Imagine A Day Without Water
If you’re like the vast majority of Americans, you’ve probably never had to imagine a day without water. We take water, and our daily tasks and conveniences made by possible by water, for granted. A cup of coffee, a shower, the toilet, a load of laundry, a cold beer. None would be possible without water.
Water is easy to take it for granted and devastating to live without. Hurricane Florence is a tragic irony; we can see images of water flooding neighborhoods, water cresting over banks, turning highways into rivers, and that same flood water cripples the local infrastructure, depriving people of the clean water they need to survive. Beyond natural disasters like Florence that temporarily knock out water service, going a day without water is actually a reality for many Americans across the country who are underserved by aging, damaged, or a lack of water infrastructure.
The list of challenges facing our water systems is long and daunting: severe weather events that stress systems, drought in the west, lead service lines, toxic algae blooms that poison drinking water, sewage overflows polluting rivers, aging infrastructure that is well past its intended life. Water mains break somewhere in America every two minutes, wasting unimaginable numbers of gallons of treated drinking water.
The water crisis in Flint, Michigan illustrated for the country how neglecting water infrastructure can be devastating to the public’s health. Like other issues of equity, vulnerable communities often lack access to clean water and their neighborhoods are not prioritized for repairs.
It is time to face this water infrastructure problem head on. That is why today is Imagine a Day Without Water, a national day of education and awareness to make sure people understand the challenges facing our national water infrastructure and raise their voices to demand change.
The Value of Water Campaign conducted public polling to gauge Americans’ opinions on national water infrastructure earlier this year. The results were abundantly clear. Seventy-eight percent of Americans believe that the President and Congress should develop a plan to rebuild our water infrastructure systems. Support for increasing federal investment to rebuild our water infrastructure is a resounding 88 percent.
One of the most telling findings was after being told that they would bear some of the costs for an overhaul of our systems: 75 percent are willing to pay a modest increase to improve water services. It is nearly unprecedented in this divided time to have nearly unanimous support for an issue.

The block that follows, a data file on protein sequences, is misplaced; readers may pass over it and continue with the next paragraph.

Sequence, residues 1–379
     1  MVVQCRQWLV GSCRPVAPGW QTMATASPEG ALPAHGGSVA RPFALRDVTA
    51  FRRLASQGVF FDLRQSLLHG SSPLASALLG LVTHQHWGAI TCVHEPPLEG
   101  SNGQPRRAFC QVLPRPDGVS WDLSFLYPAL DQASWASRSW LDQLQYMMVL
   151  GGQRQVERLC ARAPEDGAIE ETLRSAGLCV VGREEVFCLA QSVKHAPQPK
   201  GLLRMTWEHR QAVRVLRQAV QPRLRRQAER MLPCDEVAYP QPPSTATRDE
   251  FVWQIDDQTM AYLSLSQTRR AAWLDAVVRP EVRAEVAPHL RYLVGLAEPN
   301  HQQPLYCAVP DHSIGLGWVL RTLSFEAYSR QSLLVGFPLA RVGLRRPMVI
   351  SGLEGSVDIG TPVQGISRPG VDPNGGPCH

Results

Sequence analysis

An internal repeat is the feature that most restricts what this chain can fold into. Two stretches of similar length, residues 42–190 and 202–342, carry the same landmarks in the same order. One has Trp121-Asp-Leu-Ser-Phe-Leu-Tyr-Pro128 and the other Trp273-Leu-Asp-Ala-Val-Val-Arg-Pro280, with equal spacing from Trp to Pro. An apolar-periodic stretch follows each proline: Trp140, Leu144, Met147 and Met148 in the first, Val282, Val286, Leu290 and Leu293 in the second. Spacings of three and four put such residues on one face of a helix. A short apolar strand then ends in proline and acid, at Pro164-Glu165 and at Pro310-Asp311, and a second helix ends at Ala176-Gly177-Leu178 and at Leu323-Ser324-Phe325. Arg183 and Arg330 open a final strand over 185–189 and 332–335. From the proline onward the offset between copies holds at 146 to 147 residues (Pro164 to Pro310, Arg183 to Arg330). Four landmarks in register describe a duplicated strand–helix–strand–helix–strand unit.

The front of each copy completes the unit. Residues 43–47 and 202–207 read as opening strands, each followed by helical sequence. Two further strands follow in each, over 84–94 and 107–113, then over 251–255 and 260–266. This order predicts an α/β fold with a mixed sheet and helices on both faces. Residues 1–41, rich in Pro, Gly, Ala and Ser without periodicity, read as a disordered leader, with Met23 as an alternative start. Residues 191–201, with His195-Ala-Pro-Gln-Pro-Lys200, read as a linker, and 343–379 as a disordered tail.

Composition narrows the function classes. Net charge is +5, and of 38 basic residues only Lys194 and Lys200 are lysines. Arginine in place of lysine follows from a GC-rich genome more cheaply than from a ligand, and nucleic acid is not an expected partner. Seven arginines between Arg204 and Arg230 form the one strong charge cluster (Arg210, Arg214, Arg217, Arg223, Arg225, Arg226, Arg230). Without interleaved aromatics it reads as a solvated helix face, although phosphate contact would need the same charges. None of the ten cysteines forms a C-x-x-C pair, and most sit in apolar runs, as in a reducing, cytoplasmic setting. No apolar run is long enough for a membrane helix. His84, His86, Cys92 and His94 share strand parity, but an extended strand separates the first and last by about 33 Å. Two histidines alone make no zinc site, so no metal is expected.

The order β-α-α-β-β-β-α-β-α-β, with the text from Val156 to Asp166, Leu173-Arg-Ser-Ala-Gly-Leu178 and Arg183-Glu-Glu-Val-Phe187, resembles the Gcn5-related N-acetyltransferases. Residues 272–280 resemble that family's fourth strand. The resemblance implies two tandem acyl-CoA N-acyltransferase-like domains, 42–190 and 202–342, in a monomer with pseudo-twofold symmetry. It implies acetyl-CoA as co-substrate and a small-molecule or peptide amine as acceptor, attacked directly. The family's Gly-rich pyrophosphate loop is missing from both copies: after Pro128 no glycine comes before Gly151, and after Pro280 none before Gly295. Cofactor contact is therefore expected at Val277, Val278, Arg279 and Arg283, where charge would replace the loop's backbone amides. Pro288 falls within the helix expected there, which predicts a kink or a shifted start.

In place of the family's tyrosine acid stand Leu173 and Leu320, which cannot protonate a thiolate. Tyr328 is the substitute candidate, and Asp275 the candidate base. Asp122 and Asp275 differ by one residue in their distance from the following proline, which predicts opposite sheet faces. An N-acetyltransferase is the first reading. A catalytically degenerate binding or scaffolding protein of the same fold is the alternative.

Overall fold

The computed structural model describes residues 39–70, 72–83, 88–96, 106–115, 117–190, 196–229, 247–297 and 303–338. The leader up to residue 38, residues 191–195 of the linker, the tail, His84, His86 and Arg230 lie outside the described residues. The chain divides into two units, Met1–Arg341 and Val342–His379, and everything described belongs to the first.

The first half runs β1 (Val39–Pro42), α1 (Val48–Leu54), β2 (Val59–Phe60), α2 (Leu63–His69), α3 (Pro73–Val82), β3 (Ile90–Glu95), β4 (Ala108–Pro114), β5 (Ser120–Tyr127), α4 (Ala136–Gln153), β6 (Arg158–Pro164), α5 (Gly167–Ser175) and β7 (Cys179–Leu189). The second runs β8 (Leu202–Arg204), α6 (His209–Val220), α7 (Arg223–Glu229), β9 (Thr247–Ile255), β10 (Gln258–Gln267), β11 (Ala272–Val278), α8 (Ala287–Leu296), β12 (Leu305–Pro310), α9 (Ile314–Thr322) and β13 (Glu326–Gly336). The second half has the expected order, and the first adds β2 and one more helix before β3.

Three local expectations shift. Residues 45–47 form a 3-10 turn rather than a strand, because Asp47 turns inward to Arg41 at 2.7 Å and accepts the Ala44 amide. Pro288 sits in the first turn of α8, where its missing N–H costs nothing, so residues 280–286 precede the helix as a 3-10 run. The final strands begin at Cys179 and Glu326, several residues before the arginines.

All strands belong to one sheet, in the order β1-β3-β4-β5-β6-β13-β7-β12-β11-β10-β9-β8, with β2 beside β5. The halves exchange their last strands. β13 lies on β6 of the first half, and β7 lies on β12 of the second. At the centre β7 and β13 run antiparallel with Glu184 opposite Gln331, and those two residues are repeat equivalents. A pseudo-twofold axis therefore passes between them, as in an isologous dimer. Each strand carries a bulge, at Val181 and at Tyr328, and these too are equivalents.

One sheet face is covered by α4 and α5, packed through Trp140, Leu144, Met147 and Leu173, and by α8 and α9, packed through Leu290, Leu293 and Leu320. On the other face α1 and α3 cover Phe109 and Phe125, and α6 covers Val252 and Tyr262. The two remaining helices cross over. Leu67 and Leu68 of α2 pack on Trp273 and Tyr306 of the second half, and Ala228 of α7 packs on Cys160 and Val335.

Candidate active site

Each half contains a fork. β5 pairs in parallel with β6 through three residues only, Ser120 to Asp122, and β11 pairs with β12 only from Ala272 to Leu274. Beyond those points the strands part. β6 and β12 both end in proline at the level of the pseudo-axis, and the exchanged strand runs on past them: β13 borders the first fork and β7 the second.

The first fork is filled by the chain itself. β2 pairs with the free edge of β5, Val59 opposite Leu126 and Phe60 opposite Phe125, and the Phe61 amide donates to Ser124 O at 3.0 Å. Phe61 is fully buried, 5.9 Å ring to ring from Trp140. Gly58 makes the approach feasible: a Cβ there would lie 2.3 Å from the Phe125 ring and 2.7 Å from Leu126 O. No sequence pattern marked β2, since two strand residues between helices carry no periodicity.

Clean, accessible water is one of those issues that isn’t trapped by political identity. When polled, the majority of Republicans, Democrats, and Independents all believed that investing in water infrastructure was “extremely or very important.” We make take water infrastructure service for granted, but if you have to really imagine a day without water – or live a day without water – the importance of reliable water infrastructure will be stark.
Today, October 10th, is the fourth annual Imagine a Day Without Water. Hundreds of groups will get involved, ranging from water utilities to aquariums, car washes to schools, coffee shops to City Halls. But the work of raising awareness about our water infrastructure doesn’t end after October 10th, because less than a month from now we have a chance on November 6th to decide what we are going to do as a country to address our water infrastructure challenges.
Thousands of elected officials will be on the ballot across the country this year, and they will run on any number of issues. But we know prioritizing water infrastructure has incredible bipartisan support from the public. As constituents, we can push candidates and the people already in office to step up. Imagine a Day Without Water is a great opportunity to ask candidates in your area what they are going to do to fix our water infrastructure crisis. Go to candidate forums and ask them about water. Tell them this issue has broad support, but we need elected officials with the courage to act.
No one should ever have to imagine a day – or live a day – without water, but that is our reality right now. It is time to demand action from the people who represent us, so we can have clean, safe, reliable water service every day, no questions asked. Then, we can imagine a day where these challenges are in the past.